The project is nevertheless underway. Two ponds have been dug and a third was under construction when a district judge halted the Homewood work earlier this month. LCG has yet to conduct a cost-benefit analysis on its detention plan, choosing instead to move ahead at a frenetic pace.

Public records reviewed by The Current shed little light on how LCG is able to claim these benefits in its capital outlay requests, both endorsed by state Sen. Page Cortez of Lafayette, and no additional studies have been produced since those submissions or in the court battle over the land expropriated to support the Homewood ponds.

It’s unclear whether LCG would have to return any state money if the Bendel Partnership, which owns the Homewood property, prevails in court. 

Cortez did not return a text message seeking comment on whether he would support holding off on additional state outlay funding until the Homewood issue plays out in court. 

Flimsy estimates have done the heavy lifting. When pressed in a deposition about the April 2021 submission to the state, LCG engineer Jessica Cornay acknowledged that the potential 150,000 people who might benefit was nothing more than a back-of-the-napkin estimate gleaned from “the approximate population of Lafayette that ranged to the river.” 

“Cart before the horse.” It’s a common refrain from the attorneys representing the 30 or so Bendel family members fighting the expropriation of their land for the Homewood detention ponds. For example, the attorneys pointed out that LCG does not have a comprehensive stormwater management plan and noted that residents in adjacent neighborhoods asked the councils to delay the March 2021 “public necessity” vote until engineering work could be completed. Mayor-President Josh Guillory said at the time that if final engineering was not completed in 90 days he would author a repeal of the ordinance.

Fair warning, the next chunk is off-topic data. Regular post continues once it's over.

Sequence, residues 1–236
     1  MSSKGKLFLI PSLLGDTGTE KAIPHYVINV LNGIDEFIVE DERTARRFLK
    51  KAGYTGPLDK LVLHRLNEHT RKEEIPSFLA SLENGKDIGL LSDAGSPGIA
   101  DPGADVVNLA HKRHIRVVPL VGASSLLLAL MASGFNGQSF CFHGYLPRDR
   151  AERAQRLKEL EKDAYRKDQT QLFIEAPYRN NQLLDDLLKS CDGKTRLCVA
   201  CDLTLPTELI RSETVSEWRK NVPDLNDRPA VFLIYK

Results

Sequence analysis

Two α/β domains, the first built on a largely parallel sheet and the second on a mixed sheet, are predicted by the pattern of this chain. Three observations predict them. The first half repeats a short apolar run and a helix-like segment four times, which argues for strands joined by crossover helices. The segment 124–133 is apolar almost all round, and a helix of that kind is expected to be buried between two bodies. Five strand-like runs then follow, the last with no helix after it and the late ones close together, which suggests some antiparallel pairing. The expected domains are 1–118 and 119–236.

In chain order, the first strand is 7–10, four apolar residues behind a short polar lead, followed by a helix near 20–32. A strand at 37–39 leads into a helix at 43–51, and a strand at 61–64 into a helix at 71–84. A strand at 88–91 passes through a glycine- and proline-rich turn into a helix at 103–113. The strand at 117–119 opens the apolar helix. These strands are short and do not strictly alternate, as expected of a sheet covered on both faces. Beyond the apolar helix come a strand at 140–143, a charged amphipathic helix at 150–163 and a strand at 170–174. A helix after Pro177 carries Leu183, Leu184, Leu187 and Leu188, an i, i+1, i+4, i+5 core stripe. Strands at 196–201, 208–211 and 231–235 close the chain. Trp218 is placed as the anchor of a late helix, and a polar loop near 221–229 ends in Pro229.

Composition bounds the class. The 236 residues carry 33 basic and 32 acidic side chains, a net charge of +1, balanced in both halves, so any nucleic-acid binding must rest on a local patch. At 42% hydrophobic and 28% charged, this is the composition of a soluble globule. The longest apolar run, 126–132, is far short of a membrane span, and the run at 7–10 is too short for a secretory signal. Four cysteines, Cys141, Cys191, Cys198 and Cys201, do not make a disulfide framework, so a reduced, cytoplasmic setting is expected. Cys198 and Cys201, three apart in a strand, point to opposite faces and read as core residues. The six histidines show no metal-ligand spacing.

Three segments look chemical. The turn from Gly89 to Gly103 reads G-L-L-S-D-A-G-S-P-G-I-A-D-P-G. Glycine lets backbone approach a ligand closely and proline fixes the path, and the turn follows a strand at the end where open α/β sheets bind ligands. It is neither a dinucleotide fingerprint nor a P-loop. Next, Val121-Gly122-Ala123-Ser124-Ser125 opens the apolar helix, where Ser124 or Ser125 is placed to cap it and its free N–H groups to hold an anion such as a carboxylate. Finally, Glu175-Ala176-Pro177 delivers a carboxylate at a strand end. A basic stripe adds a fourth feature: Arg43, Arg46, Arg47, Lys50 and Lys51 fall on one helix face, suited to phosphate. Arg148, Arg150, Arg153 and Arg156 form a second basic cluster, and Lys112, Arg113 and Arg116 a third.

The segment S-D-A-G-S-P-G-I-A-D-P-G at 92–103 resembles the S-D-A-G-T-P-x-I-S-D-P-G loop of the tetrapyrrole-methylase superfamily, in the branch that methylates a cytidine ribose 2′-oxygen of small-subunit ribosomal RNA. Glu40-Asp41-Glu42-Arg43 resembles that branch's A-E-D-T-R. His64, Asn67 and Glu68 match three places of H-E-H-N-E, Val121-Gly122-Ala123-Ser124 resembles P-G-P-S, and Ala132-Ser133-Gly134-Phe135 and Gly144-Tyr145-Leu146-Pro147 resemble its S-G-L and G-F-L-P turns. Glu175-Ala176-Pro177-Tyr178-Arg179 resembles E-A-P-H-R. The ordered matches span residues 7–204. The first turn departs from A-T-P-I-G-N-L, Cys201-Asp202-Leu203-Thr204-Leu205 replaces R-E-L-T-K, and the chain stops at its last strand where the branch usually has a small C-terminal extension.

“What we don’t know is if this project would actually even work, so we don’t have the science or engineering. We have preliminary science; we have preliminary engineering,” Guillory said at the City Council meeting. “If we can’t have that [engineering] within 90 days, I’ll introduce a joint ordinance repealing the necessity ordinance. I think that would at least put everybody’s mind at ease.”

What’s next: The state engineering board will decide Monday whether project engineer Pam Granger of McBade can testify as an expert witness for LCG, a controversy that stopped court proceedings and work on the property in mid-March. More than a year after the councils declared the property a “public necessity,” Granger, whose contract is worth up to $3.6 million, has yet to complete and stamp her engineering plans. “LCG does not have any plans for this project as of yet,” City-Parish Attorney Greg Logan’s office wrote in response to The Current’s March 18 request for construction plans, specifications and construction documents on the Homewood project.  

Guillory, rather than author a repeal of the ordinance as he promised, has instead kept the project on a fast track, citing his commitment to a “new pace of government.” Court resumes April 6.